Css Archive

Detecting CSS transitions support using JavaScript

Progressive enhancement is one of the cornerstones of good web design: You build a solid foundation that supports a broad range of different browsers, and then add features either as you detect support for them or in a way that doesn’t interfere with less capable browsers.

One of the awesome new features that’s in recent versions of Safari, Safari Mobile (iPhone browser), Chrome, the Android browser, and in Palm’s webOS is CSS transitions. Transitions work by smoothly interpolating between two states of a CSS property over time. For example, using the simple style rules below, you could have a link gradually change from yellow to red when the user moves the mouse over it:

a {color: yellow; -webkit-transition: color 1s linear;}
a:hover {color: red;}

In a more complicated example, you could use CSS transitions to slide an element off-screen when a replacement element is introduced, like the way that the “pages” slide off-screen when you click through an iPhone’s contacts.

This introduces a problem: What if you’re using JavaScript to add the new element, and you want to remove the old element after it’s off screen, and you need to support multiple browsers?

You need to be able to detect that the browser supports CSS transitions so that you know not to remove the element until it’s done animating, and so that you know that it’s OK to remove the element right away for browsers that don’t support CSS transitions. Here’s how you can detect support using JavaScript:

var cssTransitionsSupported = false;
(function() {
    var div = document.createElement('div');
    div.innerHTML = '<div style="-webkit-transition:color 1s linear;-moz-transition:color 1s linear;"></div>';
    cssTransitionsSupported = (div.firstChild.style.webkitTransition !== undefined) || (div.firstChild.style.MozTransition !== undefined);
    delete div;
})();

The variable cssTransitionsSupported will be set to true when transitions are supported, or to false when transitions are not supported.

You can then either use the webkitTransitionEnd (or mozTransitionEnd) events to detect when the transition is finished, or else immediately perform the action when transitions aren’t supported.

Taming IE6 and a "Drop IE6" rebuke

During the development of any project that involves HTML, there’s always a nagging question in the back of your mind:  “How broken will this site be in IE6?“  Here’s an article that will reduce the amount of worrying you do when fixing your site to work in IE6.  It covers the majority of issues you’ll encounter when working with IE6.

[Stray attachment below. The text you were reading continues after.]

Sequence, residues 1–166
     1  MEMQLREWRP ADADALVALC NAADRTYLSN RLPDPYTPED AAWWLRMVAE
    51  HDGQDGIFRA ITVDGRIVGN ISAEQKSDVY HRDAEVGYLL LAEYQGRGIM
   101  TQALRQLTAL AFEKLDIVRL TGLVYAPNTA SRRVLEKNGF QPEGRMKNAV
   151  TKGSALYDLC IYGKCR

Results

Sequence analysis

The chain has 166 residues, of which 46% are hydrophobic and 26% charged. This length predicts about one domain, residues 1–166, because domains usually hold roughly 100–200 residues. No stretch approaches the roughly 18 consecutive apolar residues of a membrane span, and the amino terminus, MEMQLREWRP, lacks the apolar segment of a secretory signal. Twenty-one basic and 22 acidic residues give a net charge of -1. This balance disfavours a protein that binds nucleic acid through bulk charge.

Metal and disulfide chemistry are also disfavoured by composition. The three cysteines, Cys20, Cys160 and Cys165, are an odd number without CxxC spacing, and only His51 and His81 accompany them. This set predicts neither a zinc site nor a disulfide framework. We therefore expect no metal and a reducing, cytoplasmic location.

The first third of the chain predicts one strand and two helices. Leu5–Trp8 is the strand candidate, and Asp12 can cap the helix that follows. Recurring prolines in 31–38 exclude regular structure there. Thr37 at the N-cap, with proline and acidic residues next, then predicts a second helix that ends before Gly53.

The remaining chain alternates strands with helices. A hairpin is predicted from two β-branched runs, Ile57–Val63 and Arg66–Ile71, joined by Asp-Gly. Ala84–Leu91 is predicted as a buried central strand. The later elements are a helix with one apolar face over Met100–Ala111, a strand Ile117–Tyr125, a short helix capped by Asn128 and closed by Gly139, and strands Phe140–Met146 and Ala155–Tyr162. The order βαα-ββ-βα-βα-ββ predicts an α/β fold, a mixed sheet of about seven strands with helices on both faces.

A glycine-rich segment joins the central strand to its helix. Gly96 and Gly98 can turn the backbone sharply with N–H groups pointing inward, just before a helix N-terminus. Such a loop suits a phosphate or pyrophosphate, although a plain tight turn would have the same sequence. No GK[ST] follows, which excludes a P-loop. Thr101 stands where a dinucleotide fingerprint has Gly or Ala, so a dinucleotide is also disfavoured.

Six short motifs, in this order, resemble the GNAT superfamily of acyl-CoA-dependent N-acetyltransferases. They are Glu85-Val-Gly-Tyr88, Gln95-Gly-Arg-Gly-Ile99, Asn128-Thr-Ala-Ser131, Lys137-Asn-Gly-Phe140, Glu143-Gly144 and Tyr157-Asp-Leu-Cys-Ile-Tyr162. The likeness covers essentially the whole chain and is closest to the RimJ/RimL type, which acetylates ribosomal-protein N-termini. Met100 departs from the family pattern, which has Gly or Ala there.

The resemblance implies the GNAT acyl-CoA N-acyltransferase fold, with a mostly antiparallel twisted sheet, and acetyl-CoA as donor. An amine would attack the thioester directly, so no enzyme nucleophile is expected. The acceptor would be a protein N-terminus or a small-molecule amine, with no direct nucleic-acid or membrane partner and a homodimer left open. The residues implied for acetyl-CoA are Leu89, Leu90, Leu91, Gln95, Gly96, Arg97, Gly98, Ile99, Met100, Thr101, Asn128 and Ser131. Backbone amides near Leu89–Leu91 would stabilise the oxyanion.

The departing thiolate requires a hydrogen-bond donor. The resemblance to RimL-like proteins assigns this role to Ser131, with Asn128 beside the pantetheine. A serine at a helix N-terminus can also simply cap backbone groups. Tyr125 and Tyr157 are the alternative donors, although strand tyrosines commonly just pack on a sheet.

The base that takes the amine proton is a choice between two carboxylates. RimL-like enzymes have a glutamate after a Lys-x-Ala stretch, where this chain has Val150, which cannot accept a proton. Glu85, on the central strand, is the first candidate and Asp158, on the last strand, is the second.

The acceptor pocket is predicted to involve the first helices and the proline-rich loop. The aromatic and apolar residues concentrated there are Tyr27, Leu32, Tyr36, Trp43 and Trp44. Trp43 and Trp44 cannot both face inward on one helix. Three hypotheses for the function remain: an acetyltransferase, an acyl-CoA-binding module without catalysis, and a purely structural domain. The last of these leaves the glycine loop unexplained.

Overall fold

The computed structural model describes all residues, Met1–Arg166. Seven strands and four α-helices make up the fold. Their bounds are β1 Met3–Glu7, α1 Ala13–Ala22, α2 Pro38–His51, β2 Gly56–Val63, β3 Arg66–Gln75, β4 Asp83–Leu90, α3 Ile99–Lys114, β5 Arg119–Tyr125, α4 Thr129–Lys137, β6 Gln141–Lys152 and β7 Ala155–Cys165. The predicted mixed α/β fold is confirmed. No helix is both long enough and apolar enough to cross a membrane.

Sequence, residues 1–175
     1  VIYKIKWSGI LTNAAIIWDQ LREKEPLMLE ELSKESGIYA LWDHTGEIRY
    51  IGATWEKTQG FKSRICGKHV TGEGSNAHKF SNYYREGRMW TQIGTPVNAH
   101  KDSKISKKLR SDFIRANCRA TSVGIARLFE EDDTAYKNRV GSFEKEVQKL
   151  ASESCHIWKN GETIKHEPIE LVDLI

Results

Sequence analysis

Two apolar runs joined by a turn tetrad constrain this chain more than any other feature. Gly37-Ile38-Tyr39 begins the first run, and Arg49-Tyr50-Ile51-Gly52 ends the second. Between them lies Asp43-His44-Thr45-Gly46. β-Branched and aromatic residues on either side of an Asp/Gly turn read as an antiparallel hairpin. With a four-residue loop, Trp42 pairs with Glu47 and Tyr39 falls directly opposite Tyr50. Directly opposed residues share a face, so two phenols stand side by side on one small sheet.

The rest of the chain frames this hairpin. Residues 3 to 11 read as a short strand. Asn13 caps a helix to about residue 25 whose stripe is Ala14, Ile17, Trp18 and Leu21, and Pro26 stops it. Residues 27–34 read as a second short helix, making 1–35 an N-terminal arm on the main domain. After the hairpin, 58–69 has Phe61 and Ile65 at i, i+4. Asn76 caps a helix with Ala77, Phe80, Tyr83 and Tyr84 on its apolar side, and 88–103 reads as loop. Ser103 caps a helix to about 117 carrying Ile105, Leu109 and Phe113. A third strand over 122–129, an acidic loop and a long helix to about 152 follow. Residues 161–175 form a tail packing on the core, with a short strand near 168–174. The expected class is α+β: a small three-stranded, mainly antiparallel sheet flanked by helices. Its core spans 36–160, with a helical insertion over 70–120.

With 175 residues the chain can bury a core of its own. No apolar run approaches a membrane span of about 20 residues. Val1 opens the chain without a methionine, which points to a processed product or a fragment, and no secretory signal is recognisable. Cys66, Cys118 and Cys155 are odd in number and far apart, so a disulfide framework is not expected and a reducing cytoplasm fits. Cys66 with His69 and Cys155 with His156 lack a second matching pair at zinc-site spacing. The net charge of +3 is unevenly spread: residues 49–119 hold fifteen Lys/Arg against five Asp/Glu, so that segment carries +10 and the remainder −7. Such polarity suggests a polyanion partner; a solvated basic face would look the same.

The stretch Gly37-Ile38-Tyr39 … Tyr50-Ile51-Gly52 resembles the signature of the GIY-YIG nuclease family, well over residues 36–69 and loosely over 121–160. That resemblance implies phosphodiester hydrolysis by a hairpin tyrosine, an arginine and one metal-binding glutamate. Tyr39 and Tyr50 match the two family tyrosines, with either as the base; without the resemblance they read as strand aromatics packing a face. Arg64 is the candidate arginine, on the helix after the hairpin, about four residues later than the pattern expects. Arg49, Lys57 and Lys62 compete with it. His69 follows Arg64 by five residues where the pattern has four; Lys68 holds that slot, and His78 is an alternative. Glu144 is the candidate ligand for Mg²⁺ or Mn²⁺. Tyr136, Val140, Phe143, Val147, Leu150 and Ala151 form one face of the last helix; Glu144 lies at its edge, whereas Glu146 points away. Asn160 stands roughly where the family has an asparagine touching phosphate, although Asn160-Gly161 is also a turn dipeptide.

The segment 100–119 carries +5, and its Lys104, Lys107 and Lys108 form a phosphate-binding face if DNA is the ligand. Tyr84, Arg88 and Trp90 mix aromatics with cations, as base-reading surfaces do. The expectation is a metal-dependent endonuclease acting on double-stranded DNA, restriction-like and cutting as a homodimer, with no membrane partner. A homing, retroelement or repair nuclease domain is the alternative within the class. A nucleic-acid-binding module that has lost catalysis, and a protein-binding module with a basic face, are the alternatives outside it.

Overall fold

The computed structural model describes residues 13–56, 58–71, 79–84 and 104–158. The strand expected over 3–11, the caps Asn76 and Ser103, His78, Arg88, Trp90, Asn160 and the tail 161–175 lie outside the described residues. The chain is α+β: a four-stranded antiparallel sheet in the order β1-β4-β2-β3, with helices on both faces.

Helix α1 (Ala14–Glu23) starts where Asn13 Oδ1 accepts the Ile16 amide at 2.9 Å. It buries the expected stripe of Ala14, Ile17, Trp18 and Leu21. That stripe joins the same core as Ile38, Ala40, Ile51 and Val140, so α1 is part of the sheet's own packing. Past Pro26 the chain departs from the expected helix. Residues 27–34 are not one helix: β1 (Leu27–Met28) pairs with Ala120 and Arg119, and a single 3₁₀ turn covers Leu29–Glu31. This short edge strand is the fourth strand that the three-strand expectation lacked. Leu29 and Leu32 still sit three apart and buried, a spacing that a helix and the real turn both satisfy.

Definitive Guide to Taming the IE6 Beast

The article covers:

  • conditional comments

  • target IE6 CSS Hacks

  • Transparent PNG-fix

  • double margin on float

  • clearing floats

  • fixing the box model

  • min/max-width/height

  • overflow issues

  • magic-list-items appearing

It’s probably the last article on IE6 specific CSS techniques you’ll ever need to read.  Required reading for all PLD’s.

On the topic of IE6 and whether or not we should still be supporting it, here are some thoughts.

IE6 support seems to be waning, but we still have plenty of clients that are still running IE6 exclusively on their work machines, so until they upgrade to Windows Vista / 7 we’ll continue to have to support them.

In the past year there have been a few campaigns to get people to upgrade like hey-IT.com, www.bringdownie6.com, and www.end6.org.   Also, Google just announced that YouTube wouldn’t support IE6 anymore in the near future.

Sadly, the more I thought about just saying “no more IE6 support”, the more I realized that the people that were running IE6 at this point couldn’t upgrade.  They are usually either on older machines (Windows 2000 or earlier) or their IT won’t upgrade because of a legacy web-based application depends on it, like a CRM or ERP app.    These applications aren’t upgraded often, and they are definitely not upgraded during a recession.

Full IE6 support is vital for any site that caters to business users (IT issues / older computers), international users (older computers), or a large percentage of the public (lots of people don’t upgrade their computers/OS when all they do is browse the web with them).

Here’s a good chart that shows the trends for various browsers / versions from Oct-04 to May-09 based on data from NetApplications.com

It shows IE6 usage just below Firefox usage in May-09.

As much as I dislike “fixing” the sites I work on to work with IE6, I think we’re going to have to do it at an agency level for another year or so.